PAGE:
Dismissal Under 1203.4 of the California Penal Code

By: Wallin & Klarich

There is a lot of confusion about cleaning up your criminal record. If you were ever convicted of a misdemeanor or a felony and did not receive a California State Prison sentence you can request a dismissal under 1203.4 of the California Penal Code.

This means that you received as a term of your sentence County Jail time, probation, fines, fees, or any combination of the above. If you request that the court dismiss your charges, the Court can withdraw your no contest or guilty plea, or guilty verdict from trial, and enter a not guilty plea on your behalf. After that, the Court will dismiss your conviction. Upon dismissal of the charges, you are considered not to have been convicted of the charges. The word “conviction” will be changed to “dismissed”, thereby cleaning up your record.

In order to get a dismissal, you must first determine if you are eligible for a dismissal. You are eligible for a dismissal if you were granted, and successfully completed probation. If your sentence did not include any probationary period, you must wait at least one year from the date of conviction to apply for a dismissal under PC1203.4. Additionally, you must have paid all fines, fees, restitution ordered by the court as part of your plea bargain or after guilty verdict at trial. Also, you must not be on probation or have any pending criminal matters.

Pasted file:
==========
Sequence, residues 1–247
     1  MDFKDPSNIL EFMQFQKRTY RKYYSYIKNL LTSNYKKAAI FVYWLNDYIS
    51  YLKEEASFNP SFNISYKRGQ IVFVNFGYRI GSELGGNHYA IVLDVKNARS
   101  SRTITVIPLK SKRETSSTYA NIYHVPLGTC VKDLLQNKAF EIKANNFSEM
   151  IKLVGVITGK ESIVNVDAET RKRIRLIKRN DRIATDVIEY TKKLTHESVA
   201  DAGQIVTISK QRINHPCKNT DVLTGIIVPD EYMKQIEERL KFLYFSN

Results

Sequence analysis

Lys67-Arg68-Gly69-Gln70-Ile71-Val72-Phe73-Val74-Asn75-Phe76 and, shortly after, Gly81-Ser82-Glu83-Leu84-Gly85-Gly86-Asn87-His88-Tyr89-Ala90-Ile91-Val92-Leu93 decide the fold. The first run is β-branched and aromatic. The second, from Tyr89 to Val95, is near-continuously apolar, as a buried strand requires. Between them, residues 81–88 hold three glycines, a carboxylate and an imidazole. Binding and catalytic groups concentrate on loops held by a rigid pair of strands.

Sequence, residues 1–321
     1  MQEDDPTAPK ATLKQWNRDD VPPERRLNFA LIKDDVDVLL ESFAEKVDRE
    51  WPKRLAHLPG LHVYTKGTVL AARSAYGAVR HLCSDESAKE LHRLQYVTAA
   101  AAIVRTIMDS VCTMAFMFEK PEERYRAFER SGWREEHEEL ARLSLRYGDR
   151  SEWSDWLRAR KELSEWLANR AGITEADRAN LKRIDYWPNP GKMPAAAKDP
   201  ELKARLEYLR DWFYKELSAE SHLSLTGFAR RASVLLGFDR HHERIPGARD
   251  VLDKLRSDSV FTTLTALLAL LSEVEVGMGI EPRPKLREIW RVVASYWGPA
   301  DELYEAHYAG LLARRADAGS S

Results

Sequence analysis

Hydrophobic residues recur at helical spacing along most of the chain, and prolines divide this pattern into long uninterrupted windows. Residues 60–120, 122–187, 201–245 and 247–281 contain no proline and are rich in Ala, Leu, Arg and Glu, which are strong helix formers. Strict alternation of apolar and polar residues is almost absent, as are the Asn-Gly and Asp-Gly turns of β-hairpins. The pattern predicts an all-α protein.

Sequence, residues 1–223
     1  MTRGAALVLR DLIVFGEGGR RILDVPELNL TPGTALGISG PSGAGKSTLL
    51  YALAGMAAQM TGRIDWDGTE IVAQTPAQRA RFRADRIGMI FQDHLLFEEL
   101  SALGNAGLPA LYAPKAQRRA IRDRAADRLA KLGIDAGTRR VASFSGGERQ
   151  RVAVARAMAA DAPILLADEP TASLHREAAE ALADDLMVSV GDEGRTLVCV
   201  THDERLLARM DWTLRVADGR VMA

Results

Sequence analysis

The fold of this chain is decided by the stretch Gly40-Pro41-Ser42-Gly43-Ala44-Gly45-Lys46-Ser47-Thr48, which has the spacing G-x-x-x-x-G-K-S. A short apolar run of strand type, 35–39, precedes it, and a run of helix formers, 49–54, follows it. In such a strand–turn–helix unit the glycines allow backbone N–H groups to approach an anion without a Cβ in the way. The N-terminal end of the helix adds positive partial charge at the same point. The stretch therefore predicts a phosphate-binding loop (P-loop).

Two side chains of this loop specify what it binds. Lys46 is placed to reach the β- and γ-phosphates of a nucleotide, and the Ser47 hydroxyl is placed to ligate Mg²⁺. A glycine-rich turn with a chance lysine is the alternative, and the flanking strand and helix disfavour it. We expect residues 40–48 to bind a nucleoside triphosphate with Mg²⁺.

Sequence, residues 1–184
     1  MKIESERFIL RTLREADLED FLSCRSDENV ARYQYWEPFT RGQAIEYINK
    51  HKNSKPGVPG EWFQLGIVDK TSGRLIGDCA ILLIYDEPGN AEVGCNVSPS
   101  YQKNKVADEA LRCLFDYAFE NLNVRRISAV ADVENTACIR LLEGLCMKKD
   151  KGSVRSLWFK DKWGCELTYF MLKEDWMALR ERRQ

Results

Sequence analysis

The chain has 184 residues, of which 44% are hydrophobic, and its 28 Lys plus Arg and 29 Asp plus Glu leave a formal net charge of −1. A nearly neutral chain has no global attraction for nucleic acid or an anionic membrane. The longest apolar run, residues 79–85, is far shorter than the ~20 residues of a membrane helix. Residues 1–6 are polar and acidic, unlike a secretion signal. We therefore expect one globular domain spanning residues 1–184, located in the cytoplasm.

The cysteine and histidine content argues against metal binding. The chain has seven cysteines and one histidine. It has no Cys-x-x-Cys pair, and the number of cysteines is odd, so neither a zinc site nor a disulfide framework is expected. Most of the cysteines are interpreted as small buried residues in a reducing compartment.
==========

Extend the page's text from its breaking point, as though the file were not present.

In some instances, depending upon what charged you were convicted, you are statutorily ineligible for dismissal.
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You should consult a California expungement attorney to determine what charges would prevent you from being eligible for a dismissal.

After you obtain a dismissal, there are still certain restrictions that will affect you.
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If you apply for a government job or apply for certain licenses, you must still disclose that you were convicted of a crime but can include the language that the conviction was dismissed. Your rights to carry a firearm may still be limited in certain situations. The prior conviction, even after is has been dismissed, can still be used to enhance punishment for future crimes.

Another very important restriction is that if you are required to register as a sex offender, the dismissal will NOT relieve you from having to register. It is always best to consult an experienced criminal defense attorney to discuss your unique situation and determine what a dismissal can do for you.

Posted In: Clearing Your Criminal Record